The state's Conservative Party met for the first day of its annual conference in Colonie. Capital Tonight's Nick Reisman found that conservative advocates are upset with both Governor Andrew Cuomo and Republicans when it comes to the new gun control law.
ALBANY COUNTY, N.Y. -- While Republicans in the State Senate, outnumbered by Democrats, seek to compromise with a popular governor, Conservative Party advocates are disappointed with Andrew Cuomo's sweeping gun control law. But even Republicans who are staunch opponents of the law aren't ready to toss out the Republican leadership in the Senate.
“I'm hearing that people are unhappy about the gun control law. Most of what I'm hearing is centered on the issue, not about the leader,” said State Senator Kathy Marchione.
Marchione was warmly received by members of the state's Conservative Party. It's a small, but politically active organization that seeks to push the New York Republican Party to the right. But it's tough going in a deeply blue state. Senate Republican Leader Dean Skelos has had to seek compromises with six breakaway Democrats in order to retain some power in the chamber, unnerving some conservative advocates.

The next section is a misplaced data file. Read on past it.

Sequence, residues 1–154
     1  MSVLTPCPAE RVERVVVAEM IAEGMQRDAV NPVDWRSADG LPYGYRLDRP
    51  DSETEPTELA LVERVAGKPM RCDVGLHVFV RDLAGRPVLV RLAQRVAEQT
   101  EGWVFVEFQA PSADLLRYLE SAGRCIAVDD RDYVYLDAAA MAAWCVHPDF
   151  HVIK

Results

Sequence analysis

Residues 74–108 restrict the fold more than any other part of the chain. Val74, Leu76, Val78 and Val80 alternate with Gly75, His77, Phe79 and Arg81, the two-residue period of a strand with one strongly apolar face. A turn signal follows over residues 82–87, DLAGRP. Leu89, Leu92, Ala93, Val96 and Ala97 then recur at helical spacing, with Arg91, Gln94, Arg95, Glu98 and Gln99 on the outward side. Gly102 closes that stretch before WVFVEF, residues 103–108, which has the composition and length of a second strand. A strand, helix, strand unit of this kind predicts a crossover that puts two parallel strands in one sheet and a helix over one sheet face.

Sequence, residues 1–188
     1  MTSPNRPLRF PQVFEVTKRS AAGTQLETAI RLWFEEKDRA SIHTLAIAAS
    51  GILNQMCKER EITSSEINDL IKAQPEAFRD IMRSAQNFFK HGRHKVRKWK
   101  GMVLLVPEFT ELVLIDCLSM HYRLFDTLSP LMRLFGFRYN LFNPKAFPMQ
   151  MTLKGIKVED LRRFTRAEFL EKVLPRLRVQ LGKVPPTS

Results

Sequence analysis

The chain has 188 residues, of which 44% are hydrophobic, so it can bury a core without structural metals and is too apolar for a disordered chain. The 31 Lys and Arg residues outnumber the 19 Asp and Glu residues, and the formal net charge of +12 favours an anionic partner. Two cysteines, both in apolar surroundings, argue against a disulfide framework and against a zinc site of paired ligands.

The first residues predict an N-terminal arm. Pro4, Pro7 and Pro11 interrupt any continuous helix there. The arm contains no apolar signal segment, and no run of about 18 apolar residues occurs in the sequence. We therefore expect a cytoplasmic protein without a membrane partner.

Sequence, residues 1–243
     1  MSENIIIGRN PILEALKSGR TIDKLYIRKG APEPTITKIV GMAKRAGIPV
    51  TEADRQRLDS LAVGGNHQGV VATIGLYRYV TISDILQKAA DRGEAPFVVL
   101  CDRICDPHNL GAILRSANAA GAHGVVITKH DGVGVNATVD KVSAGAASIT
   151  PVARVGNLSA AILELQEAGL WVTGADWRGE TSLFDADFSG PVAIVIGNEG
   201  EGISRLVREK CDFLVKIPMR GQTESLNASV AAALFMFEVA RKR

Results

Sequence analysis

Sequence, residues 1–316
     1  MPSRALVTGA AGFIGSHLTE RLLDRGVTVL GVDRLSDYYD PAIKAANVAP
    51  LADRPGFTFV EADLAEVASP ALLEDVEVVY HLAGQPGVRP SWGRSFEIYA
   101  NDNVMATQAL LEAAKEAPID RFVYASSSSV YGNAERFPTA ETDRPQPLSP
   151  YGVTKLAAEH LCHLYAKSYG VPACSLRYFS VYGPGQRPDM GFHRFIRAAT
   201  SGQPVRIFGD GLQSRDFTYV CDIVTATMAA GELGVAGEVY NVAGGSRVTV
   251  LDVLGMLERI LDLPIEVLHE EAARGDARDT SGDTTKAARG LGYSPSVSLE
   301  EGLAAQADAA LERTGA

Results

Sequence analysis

“I think that Senator Skelos has some severe difficulties now with having less Republicans than Democrats. I think that he worked well with the IDC. I'm new in the conference and yes, I supported him and I'm going to continue to support him in the conference,” Marchione said.
But for the most part, Conservative Party officials lay blame for the gun control law and its updated ban on assault weapons squarely on the shoulders of Cuomo, who they believe cares more about running for president than what's good for New York.
“I think there will be some blowback here because as you continue to talk about these things, even the gun control package that he's promoting, it's not going to play well on the national scene. So it may steal some headlines today, but I think it will damage some things down the road,” said Livingston County Conservative Party Chairman Jason McGuire.
And Cuomo still faces re-election in 2014. It will likely be an uphill battle for Republicans against a very popular incumbent. Congressman Chris Collins, once regarded as a potential challenger to the governor, has ruled it out.
Collins said, “My focus now is getting America right, so I can assure you that I have interest or desire in running for governor in 2014.”
Cuomo has a campaign war chest of more than $20 million heading into 2014 and an approval rating of more than 70 percent.